Twelve and a half million undocumented immigrants populate the United States today. Some of us want them gone. But really they are here for one simple reason: We invited them, by offering them a job and then hiring them.
We need immigrant labor. So instead of spending money to deport immigrants and build a border wall, we should do what's best for us and what makes sense – create an orderly system to keep the workers we need here.
Americans pay undocumented workers several times more than they earn in their own country to do the work we don't want to do – the work we don't want our children to do.
These workers clean our offices. They take care of our elderly and our children. They help build our homes and roads. They pick our fruits and vegetables. They process the meat and poultry we eat. They do our nails. They do this and more.
Getting rid of them would be easy. All we'd have to do is fire them. In a few months they'd be gone.
But we don't do that. We can't. Why? Because we need them.
Americans have nothing against immigrants, right? After all, we are the nation of immigrants. Still, some of us think today's immigrants are different because so many have broken the law. Of course, we too break the law every time we hire them.
Some of us want to build a new symbol for America for the world to see: A 2,000-mile-long wall to keep immigrants out. Maybe we've forgotten our true symbol – the lady in New York who welcomes them. Did we forget border walls don't send, or bring, good vibes? Do we want our own Berlin Wall?
Doing things that make us look bad to the world doesn't mean we're bad people, we argue. All we want to do is protect our borders and keep our commitment to law and order.
Then why do we send mixed messages and turn our backs on the workers who are doing only what we ask them to do – work for us? Maybe we're practicing what a friend of mine calls "conditional morality."
All we would have to do to decriminalize immigrants is to issue the work visas needed to fill the job vacancies. Instead, we make it almost impossible for them to even apply for a work visa, much less get one.
"We can't make them legal, that's amnesty," we say. Really? In America we grant amnesty all the time. A presidential pardon is amnesty. Plea-bargaining is amnesty.
We can solve this problem. Forget the wall. Set up an orderly process. Use the money it would take to deport workers and build several large centers along the border to screen foreigners and certify only the workers we need.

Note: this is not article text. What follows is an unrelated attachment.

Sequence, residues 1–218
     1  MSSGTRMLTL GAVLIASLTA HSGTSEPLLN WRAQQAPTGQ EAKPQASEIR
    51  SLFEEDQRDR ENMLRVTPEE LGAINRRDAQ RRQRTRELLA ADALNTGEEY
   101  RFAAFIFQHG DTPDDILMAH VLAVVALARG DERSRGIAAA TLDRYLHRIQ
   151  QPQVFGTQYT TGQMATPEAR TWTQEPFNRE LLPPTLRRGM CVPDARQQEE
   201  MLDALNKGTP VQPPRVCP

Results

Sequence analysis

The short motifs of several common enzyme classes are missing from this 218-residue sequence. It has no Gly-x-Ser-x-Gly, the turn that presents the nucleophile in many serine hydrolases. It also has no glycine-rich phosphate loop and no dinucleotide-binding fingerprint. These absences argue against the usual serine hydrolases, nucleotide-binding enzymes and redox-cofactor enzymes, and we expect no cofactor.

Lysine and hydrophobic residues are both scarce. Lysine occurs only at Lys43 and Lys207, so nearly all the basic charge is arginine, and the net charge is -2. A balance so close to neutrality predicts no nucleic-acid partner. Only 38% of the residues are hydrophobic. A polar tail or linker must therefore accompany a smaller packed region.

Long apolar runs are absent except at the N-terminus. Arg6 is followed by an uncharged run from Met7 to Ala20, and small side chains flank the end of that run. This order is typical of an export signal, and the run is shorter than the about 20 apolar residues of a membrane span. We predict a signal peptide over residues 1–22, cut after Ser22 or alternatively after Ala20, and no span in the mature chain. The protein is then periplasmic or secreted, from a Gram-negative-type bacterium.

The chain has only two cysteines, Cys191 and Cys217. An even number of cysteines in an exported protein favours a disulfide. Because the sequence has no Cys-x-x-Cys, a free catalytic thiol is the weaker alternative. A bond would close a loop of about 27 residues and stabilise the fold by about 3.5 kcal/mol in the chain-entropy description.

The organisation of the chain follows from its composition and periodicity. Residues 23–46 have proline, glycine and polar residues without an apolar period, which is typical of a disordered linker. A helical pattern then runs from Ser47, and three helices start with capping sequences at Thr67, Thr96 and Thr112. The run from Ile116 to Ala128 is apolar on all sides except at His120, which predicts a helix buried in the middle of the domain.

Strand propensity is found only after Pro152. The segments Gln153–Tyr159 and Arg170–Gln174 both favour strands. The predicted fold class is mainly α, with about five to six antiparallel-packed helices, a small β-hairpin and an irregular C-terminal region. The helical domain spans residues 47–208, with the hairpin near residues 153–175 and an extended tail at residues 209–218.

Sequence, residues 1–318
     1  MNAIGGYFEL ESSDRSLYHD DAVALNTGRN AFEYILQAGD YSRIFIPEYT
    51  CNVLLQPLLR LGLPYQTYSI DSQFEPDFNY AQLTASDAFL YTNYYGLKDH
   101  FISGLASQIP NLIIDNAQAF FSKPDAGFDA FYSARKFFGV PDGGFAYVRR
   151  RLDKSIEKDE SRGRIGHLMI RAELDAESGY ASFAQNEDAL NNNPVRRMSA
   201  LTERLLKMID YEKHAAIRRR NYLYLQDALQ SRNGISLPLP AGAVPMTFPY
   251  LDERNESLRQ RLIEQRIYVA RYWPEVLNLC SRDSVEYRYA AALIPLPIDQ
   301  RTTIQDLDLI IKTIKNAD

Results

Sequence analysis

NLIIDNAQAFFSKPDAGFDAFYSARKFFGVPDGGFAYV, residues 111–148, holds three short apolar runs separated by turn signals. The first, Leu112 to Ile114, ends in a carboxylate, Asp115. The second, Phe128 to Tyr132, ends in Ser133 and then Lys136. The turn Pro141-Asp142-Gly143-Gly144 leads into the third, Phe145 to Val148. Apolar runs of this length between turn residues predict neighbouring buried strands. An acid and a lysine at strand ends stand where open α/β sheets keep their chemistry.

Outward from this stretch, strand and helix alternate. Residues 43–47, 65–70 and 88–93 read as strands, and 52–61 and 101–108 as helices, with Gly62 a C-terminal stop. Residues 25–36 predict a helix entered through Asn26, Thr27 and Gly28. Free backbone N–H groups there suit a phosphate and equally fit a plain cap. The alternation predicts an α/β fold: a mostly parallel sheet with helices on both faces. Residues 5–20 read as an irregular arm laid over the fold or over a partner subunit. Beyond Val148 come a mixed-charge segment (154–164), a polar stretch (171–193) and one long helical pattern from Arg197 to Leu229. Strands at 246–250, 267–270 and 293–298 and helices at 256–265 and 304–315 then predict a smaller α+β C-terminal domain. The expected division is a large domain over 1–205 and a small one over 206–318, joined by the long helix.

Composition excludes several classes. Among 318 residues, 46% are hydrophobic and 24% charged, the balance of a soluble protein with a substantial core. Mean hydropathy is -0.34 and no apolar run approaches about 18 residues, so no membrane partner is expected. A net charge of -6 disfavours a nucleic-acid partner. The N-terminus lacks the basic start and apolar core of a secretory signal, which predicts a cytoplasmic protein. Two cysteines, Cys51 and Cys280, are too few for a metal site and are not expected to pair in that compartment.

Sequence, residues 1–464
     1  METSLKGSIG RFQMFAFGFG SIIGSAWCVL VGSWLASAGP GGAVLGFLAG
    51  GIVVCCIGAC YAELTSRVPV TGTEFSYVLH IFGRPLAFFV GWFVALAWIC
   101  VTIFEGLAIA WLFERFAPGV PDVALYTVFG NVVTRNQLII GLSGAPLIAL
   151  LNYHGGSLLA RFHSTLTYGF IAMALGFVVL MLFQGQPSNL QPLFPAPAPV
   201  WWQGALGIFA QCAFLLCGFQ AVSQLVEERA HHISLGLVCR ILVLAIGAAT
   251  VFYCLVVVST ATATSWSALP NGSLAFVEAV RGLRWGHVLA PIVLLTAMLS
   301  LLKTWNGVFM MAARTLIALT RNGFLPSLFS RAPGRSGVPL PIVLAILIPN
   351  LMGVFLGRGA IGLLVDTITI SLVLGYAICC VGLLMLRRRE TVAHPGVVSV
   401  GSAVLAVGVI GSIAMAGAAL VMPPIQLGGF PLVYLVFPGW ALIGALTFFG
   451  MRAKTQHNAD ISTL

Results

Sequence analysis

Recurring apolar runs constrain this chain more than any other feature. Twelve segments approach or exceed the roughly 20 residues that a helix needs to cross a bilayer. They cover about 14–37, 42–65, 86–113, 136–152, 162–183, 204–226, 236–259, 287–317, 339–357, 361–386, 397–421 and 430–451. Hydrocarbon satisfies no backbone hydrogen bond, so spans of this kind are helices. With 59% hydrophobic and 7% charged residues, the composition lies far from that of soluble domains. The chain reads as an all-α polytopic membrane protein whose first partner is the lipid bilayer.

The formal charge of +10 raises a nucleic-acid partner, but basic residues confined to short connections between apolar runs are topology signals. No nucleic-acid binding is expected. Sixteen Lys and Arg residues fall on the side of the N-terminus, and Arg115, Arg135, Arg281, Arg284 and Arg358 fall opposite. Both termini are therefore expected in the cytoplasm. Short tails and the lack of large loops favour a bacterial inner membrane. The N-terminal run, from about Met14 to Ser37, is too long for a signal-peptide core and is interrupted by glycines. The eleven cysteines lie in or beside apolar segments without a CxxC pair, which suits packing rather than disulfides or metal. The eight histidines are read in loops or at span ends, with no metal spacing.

Workers who are already in the US would qualify first. New ones would come in only after they have secured a job. Day workers such as gardeners, painters, and baby sitters would have subcontractor status – they would be hired through an agency that would send them out to different jobs.
This plan would have firm requirements for those who are cleared to work here. They would have to be employed full time, and their employer would have to vouch for them. They would have no criminal record, either here or in their home country. They would promise to obey US laws and learn English.
Spouses who were not legal or employed would have to stay in their home country. But family members would be free to visit one another because they would all be legal – some with a tourist visa, others with a work visa. Both visas would be easier to get because we would issue more of them, according to our needs. Currently, we need about 3 million new immigrant workers a year. That sounds like a lot, but it's only 1 percent of our population.
This is not the whole solution, of course, but it's better than no solution. It's better than the de facto amnesty we now have. It's better than having people continue to live and work in the shadows of our society. It's better than having millions of workers separated from their families. It's better because it's good for the worker. It's good for Americans. And, ultimately, it's good for America.